NetGuardians joins Swiss academic institute HEIG-VD to develop fraud-seeking AI tools
14 February 2017 | 3786 views | 0
FinTech leader NetGuardians and the School of Engineering and Management Vaud (HEIG-VD) have joined forces in a Made-in-Switzerland research project aimed at taking machine learning and artificial intelligence (AI) technology in financial fraud detection to the next level.
The project is being supported by the Swiss Commission for Technology and Innovation (CTI).
Bringing together leading-edge industry and academic strengths, the collaboration will further develop NetGuardians’ current real-time fraud detection technologies that use machine learning for superior analytics across all channels and banking systems. NetGuardians will work with the Institute for Information and Communication Technologies (IICT), an interdisciplinary applied research institute for real-world IT challenges, based at the technology-focused university HEIG-VD.
“At HEIG-VD, cross-disciplinary expertise brings varied academic perspectives to industry challenges,” says HEIG-VD Prof. Stephan Robert of the IICT. “To know industry needs better, and to transfer technology to market faster, working with industry leaders like NetGuardians is key to our strategy.
He adds: “Together we aim to harness the potential of machine learning and AI so financial institutions can drastically reduce current manual procedures in place and mitigate risks, detecting previously unimaginable fraud patterns.”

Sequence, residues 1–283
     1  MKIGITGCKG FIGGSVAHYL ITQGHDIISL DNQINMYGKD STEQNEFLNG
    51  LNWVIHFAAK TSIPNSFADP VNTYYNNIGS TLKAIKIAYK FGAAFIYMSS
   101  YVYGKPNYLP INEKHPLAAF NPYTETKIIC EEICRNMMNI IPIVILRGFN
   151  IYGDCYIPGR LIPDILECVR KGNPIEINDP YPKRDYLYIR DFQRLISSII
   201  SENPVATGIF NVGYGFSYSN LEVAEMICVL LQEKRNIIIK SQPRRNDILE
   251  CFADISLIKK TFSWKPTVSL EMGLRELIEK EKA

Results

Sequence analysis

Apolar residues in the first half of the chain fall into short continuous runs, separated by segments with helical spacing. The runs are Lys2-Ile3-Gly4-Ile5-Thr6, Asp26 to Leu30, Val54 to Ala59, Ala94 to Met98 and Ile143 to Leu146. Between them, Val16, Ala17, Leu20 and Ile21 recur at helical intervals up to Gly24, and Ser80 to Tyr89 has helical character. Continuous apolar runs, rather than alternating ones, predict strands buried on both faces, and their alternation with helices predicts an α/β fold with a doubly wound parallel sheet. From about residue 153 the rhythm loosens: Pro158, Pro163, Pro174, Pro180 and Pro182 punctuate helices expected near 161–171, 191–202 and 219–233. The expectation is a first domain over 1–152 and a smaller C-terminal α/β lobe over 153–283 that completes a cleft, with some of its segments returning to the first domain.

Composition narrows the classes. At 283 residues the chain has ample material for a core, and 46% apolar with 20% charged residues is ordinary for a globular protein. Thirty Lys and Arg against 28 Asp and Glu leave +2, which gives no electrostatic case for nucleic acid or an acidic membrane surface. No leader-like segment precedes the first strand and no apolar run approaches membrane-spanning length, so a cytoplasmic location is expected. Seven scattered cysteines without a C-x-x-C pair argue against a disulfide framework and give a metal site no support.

Complementing NetGuardians’ internal R&D strategies, HEIG-VD will bring new algorithmic approaches and academic knowledge on machine learning and AI to further optimize fraud detection, prevention and operational control. In addition, a criminologist from the University of Lausanne will participate in the project, notes NetGuardians Head of R&D Jérôme Kehrli; “NetGuardians’ technology DNA is rooted in user behavior analytics. For this, understanding the fraudster’s psychology improves precision of scoring to identify priority cases for fraud detection. Combined with advanced data analytics, criminology helps predict crime - and therefore prevent it.
“The current industry paradigm for machine learning and AI capabilities in fraud detection remains primordial as there are too many false positives and too many valid transaction blockings. Our objective with this research project is to develop better tools that help banks achieve their ultimate goals - deliver an exceptional customer experience, strengthen operational efficiency, prevent emerging risks, and reduce costs.”